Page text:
Book by Mark O’Donnell and Thomas Meehan
Lyrics by Scott Wittman and Marc Shaiman
Directed by Paul Kerryson
The flasher down the street, rats around your feet and the friendly bum on his barstool – you’d be forgiven for mistaking the bright and shimmering era of the sixties in Baltimore for the streets of Auld Reekie Toun. Hairspray makes a return to Edinburgh, with bigger hair, bolder ballads and as welcoming an audience as ever for their opening night.
For a few hours, attempt to distance yourself from reality and be welcomed into the heaving bosom of Baltimore, 1962 – where teen Tracy Turnblad dreams of dancing on The Corny Collins Show. A big dream, for a big girl, with even bigger hair refuses to allow social anxieties and prejudices to bring this bopper down after securing a spot on the show as one of the Nicest Kids in Town. But with fame comes responsibility, and Tracy is a rare sort – who, unlike antagonistic bully Amber, uses this celebrity to tackle racial segregation and fight for equality. And if she can do all that in a heavy hairpiece while dancing and skipping detentions – there’s no reason a man in a suit can’t do the same.
Good morning, Baltimore indeed! The utterly vivacious and triumph Katie Bruce breaths such vitality into Tracy Turnblad – radiating charm and effortless stage presence, with a balanced poise for both uplifting comedic timing and a more downtrodden, sullen melancholy where required. But it’s difficult to stay down, especially when matched with best friends Penny Pingleton, cast perfectly by Rebecca Jayne-Davies, lifting the less central (though important) role into one of the show’s standout features of vocals, humour, and a rather impressive physicality to match that of Reece Richards tight choreographed Seaweed.
Race is, and will always be, the pivotal and centralised core of Hairspray. Though it takes forays into American class systems, communist propaganda and of course a healthy dose of body positivity, the profiling of black characters and segregation sits at the foundations of John Walters 1988 classic starring Divine and Ruth Brown, coming to a more visible and less subtle crux with Mark O’Donnell, Thomas Meehan and March Shaiman’s 2002 musical adaptation.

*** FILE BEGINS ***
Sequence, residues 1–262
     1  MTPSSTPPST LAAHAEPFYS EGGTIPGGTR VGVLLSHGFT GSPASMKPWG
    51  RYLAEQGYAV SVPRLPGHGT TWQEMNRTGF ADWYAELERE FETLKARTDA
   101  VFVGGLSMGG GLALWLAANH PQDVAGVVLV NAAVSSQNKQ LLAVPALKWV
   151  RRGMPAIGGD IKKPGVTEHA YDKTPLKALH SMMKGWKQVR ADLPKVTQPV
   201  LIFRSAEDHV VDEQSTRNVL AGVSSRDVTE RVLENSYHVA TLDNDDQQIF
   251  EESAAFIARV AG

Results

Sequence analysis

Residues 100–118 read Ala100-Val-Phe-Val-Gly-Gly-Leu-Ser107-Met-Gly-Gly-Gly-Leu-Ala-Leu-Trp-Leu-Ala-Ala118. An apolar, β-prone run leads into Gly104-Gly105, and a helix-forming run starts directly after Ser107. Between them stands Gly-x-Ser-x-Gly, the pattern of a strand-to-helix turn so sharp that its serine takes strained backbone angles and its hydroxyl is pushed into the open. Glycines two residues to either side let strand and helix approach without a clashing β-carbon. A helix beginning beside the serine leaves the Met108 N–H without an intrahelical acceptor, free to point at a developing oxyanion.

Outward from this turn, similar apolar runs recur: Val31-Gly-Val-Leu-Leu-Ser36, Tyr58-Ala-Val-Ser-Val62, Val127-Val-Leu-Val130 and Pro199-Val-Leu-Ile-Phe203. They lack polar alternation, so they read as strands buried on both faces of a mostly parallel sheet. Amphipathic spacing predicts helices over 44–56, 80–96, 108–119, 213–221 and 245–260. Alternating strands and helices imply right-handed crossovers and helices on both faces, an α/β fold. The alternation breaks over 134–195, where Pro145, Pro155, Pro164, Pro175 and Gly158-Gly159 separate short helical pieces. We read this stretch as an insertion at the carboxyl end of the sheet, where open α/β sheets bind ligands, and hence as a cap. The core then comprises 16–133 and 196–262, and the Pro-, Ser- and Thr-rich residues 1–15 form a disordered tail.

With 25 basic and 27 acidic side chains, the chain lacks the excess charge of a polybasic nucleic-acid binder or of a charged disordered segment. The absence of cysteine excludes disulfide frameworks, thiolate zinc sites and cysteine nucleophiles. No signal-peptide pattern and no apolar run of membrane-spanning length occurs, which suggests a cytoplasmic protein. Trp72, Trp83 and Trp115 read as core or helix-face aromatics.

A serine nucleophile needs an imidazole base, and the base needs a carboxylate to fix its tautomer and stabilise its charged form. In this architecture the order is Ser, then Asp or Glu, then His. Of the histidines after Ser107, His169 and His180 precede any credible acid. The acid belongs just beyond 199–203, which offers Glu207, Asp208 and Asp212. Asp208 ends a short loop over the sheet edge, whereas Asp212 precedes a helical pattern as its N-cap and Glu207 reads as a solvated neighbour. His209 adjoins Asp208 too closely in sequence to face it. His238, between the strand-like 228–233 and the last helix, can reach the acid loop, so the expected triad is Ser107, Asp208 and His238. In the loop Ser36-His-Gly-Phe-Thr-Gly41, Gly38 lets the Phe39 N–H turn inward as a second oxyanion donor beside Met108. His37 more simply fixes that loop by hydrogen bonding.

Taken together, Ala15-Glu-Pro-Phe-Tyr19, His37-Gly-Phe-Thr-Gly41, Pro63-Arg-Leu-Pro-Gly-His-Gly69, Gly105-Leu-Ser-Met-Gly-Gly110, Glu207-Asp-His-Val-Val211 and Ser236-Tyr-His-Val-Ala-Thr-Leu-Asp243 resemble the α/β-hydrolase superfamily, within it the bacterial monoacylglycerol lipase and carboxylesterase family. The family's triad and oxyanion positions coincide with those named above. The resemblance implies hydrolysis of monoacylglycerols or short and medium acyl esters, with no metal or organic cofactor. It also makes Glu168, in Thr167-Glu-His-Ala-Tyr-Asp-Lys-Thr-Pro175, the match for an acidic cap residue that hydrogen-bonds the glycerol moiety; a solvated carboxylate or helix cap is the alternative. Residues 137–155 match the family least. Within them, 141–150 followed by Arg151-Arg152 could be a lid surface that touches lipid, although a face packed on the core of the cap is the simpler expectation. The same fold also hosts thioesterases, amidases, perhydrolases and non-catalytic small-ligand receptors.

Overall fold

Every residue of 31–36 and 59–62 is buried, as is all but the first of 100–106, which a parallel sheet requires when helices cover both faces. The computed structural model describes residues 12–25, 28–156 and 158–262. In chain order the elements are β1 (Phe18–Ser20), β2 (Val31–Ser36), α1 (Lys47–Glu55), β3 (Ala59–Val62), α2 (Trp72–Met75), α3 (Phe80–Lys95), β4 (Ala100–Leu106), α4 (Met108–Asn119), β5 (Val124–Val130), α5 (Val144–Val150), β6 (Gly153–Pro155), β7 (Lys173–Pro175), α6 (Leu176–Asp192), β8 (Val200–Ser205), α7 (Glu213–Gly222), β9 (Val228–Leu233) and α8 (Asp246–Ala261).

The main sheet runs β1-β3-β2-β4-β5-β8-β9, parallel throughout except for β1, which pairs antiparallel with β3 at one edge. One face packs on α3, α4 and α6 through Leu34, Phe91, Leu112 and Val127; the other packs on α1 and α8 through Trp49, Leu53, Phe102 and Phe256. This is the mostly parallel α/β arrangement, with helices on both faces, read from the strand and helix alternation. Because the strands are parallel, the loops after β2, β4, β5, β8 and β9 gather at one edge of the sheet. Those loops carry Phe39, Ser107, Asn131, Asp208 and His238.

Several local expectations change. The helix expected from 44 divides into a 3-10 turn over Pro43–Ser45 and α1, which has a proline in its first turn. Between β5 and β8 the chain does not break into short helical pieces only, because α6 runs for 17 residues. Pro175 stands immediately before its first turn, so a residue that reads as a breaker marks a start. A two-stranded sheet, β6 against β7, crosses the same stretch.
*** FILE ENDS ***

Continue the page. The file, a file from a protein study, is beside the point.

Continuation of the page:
A predominantly white audience, and this writer for that matter, will never fully comprehend the annexation, cruelty, and resistance characters like Motormouth Maybelle denote for communities still maintaining a fight for their rights and visibility long after the rest of us would have given in. But for one moment: I Know Where I’ve Been instils in the guts of audiences a sliver of that emotional integrity. Bernadette Bangura is a titan on stage. Filling in for Brenda Edwards, who is taking a break from the show following the loss of her son Jamal, Bangura retains the integrity of the role while bringing a presence of movement and control.
From one legend to another – or rather two, Alex Bourne and Norman Pace as Tracy’s parents Enda and Wilbur are a dangerous pairing. Particularly Pace. Mirthful, effortlessly funny and a pleasure to watch, when left alone for their touching rendition of You’re Timeless to Me – there’s a producer somewhere tearing what’s left of their hair out. Adlibbing, pushing the physicality of their performances and just having one hell of a good time, Bourne and Pace are the absolute heart of the show. Without question, a highlight and precisely the energy audiences require right now.
And though Marc Shaiman’s exceptionally infectious score compliments Scott Wittman’s additional lyrics, director Paul Kerryson has a tough job ensuring the pacing follows. Largely exceptional, especially in the Act Two opening and closing of Big Doll House and You Can’t Stop the Beat, there’s an uphill struggle for Ross Clifton’s Link Larkin who just takes a little too much time to generate the required energy and charm of the heartthrob. Aiding somewhat is his chemistry with our antagonists Rebecca Thornhill and Jessica Croll as the Velma and Amber Von Tussle – who may have fewer solos but always make their presence known.
Hairspray has always been a significant crowd-pleaser, starting all those years ago in the same way it intends to go on: full of vibrance, optimism, determination, and a full-bodied beat that pushes you to get up and jive. And mercifully, it still resonates with audiences with more than its infectious soundtrack and lyrics – the intention is there, the tears roll as Motormouth Maybelle dares the audience not to stand by her, and the sea of faces happy to watch a leading performer who has a shape similar to them is a warming moment come the production’s well-deserved standing ovation.
Hairspray runs at the Edinburgh Playhouse until March 19th. Tickets for which can be obtained here.